Published at Wednesday, June 06th 2018. by noah seihan in Cruise Ship Cabins.
The looming SOLAS 2010 implementation date offers both perils and opportunities. The biggest peril is the possibility that the expense to bring a ship into full compliance with international standards will be greater than the value of the ship. However there is a silver lining in this cloud. This pending SOLAS implementation date has already started to show up as a primary factor in the asking and selling prices of ships on the market today.
The standard cruise cabin bathrooms are usually tiny and most only have a shower (no tub). The shower usually has good water pressure with the only complaint being the small size. Don`t be surprised if the shower curtain keeps trying to attack you! The bathroom also has a sink toiletry shelves and a noisy vacuum toilet like on an airplane. Often there is a small step up between the bedroom and bathroom perfect for stubbing your toe. The bathrooms also usually have a retractable clothesline for drying your swimsuit or hand laundry.
Standard inside cabin. This type of cabin has no windows and is located on the inside corridor. It is usually carpeted and furnished with a telephone TV and air conditioning unit. The standard inside cabins of newer cruise liners includes a refrigerator small vault table loveseat and an Internet access. The bathroom has a shower but typically is small with no tub. It usually has a retractable clothesline for hanging wet garments to dry.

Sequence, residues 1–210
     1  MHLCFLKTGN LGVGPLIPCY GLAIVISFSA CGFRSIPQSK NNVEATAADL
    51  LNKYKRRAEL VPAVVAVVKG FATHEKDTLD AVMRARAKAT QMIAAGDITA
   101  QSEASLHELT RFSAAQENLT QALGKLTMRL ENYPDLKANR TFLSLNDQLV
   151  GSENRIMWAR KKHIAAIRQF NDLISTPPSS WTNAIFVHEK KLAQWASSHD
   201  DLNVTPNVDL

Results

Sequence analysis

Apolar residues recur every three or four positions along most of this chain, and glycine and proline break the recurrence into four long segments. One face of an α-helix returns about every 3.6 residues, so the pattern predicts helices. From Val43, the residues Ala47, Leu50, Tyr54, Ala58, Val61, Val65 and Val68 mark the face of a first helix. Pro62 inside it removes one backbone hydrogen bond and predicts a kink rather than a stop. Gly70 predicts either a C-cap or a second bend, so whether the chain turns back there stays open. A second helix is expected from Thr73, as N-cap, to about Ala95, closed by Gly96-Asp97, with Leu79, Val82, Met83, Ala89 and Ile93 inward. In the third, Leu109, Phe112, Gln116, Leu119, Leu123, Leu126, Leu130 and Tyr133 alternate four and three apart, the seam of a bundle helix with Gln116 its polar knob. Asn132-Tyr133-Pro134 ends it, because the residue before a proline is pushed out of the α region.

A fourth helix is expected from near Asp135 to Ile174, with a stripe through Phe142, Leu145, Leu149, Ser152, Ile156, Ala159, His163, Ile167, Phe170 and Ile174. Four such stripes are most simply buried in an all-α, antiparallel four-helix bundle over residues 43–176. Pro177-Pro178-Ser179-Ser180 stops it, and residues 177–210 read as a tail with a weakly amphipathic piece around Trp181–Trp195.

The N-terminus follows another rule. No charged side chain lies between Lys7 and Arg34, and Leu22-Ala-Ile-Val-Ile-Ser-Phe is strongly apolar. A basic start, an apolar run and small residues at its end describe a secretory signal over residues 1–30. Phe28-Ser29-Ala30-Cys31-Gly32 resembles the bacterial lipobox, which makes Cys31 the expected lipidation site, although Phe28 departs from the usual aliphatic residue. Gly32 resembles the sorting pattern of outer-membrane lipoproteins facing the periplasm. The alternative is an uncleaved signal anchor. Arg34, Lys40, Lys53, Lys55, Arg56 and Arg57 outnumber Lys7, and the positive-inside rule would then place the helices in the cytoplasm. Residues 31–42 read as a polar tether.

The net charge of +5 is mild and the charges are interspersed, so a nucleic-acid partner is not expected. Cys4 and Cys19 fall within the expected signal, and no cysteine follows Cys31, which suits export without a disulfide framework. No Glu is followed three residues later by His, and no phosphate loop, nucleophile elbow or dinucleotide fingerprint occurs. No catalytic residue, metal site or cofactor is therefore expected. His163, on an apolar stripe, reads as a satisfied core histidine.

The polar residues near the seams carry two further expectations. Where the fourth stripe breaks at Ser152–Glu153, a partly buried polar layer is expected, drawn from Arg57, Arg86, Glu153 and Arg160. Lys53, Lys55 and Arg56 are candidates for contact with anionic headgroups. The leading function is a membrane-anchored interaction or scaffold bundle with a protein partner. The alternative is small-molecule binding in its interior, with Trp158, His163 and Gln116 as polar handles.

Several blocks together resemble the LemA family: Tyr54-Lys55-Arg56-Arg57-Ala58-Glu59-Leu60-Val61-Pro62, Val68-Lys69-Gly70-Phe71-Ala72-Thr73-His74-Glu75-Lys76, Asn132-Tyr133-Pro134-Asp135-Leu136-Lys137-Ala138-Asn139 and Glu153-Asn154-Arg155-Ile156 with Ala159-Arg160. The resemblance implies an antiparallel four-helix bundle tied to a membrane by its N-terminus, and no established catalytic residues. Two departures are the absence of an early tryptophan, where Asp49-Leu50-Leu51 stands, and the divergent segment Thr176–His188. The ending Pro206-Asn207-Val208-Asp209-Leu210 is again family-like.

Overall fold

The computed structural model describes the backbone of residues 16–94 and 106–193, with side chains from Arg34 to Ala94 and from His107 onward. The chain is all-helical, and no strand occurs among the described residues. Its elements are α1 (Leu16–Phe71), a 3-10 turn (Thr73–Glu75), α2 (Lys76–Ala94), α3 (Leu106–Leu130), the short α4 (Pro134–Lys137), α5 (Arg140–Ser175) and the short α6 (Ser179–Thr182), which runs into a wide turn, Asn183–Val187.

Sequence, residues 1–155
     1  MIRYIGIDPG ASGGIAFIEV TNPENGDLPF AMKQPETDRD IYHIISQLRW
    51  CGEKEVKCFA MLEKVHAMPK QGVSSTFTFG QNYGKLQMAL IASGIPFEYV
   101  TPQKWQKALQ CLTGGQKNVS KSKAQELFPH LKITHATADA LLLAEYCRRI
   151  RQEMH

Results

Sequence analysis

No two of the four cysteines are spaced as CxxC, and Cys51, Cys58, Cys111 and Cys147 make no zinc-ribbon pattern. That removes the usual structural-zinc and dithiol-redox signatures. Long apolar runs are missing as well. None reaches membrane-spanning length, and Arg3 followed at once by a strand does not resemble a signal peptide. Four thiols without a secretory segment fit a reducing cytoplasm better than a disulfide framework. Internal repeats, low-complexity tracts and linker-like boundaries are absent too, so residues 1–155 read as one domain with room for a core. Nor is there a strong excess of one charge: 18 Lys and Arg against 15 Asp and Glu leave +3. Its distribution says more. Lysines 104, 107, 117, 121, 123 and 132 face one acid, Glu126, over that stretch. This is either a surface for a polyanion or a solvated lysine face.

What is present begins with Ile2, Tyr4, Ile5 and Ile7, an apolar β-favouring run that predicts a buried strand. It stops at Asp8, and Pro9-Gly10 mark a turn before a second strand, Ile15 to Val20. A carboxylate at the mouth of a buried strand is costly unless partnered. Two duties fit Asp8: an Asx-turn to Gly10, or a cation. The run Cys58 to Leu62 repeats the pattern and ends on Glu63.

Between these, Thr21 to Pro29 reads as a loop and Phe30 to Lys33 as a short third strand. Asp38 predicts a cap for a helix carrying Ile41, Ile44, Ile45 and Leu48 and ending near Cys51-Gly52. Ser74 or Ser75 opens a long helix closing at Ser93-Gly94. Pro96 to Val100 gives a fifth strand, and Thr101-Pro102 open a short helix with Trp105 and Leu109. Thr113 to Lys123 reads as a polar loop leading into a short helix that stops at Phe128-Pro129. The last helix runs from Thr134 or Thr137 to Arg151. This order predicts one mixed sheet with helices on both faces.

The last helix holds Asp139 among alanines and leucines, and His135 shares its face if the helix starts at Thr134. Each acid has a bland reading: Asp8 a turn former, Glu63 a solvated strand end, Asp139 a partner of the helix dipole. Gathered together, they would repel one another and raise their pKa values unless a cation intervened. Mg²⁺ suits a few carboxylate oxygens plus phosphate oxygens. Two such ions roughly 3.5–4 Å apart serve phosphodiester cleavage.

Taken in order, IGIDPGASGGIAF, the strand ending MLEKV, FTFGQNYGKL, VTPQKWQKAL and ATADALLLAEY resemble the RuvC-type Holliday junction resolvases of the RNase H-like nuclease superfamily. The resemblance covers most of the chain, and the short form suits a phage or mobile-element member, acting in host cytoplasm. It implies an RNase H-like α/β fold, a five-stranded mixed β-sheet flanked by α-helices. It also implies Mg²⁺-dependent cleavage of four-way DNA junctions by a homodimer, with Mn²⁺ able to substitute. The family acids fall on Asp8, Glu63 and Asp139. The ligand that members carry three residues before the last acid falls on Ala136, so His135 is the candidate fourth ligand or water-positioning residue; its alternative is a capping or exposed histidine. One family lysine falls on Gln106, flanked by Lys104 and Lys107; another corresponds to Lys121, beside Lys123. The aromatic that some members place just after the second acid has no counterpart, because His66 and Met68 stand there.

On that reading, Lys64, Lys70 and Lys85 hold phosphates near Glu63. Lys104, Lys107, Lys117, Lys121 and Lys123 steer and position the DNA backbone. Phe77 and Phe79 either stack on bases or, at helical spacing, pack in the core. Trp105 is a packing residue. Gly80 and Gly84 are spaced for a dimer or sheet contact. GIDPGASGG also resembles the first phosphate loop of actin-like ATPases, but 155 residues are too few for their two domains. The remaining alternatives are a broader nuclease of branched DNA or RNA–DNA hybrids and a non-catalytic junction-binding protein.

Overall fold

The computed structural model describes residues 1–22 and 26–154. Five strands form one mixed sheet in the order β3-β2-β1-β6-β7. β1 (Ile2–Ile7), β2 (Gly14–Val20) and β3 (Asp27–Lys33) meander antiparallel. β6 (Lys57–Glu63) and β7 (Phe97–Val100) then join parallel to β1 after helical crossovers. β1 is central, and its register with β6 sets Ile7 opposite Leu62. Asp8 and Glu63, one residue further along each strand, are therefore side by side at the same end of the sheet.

Ship fuel is cheaper than automobile fuel for a few reasons. There are no road taxes on ship fuel of course and also it is different fuel. Ships main engines usually run on IFO180 or IFO380. Generator engines tend to be more finicky and commonly require diesel (MDO) which is still cheaper than automotive diesel. IFO 180 and 380 costs much less than MDO usually about half the price. Ships consume a lot of fuel. So fuel cost is a major concern. I have some suggestions. If I were a co-owner of a ship I would be willing to invest a little more in the ship to increase fuel efficiency and thus lower operating costs. There are many things that can be done to increase fuel efficiency. I would start with hull resistance. There is a new silicone-based paint from International Paints that when applied to the hull reduces amount of resistance in the water sufficiently to result in a 3 to 5% decrease in fuel consumption. A similar coating for the propellers also has been proven to increase fuel efficiency.
Before becoming a joint owner it would be imperative to find other people who have similar goals. I would suggest composing a preliminary DCCR (DECLARATION OF COVENANTS CONDITIONS AND RESTRICTIONS). You can do this before you even shop for a ship. Write your version of how you envision the shared ownership of a cruise ship as it should be. Then see if you can find some people who agree with your goals and your DCCR subject to some revisions and concessions to accommodate other joint owners.
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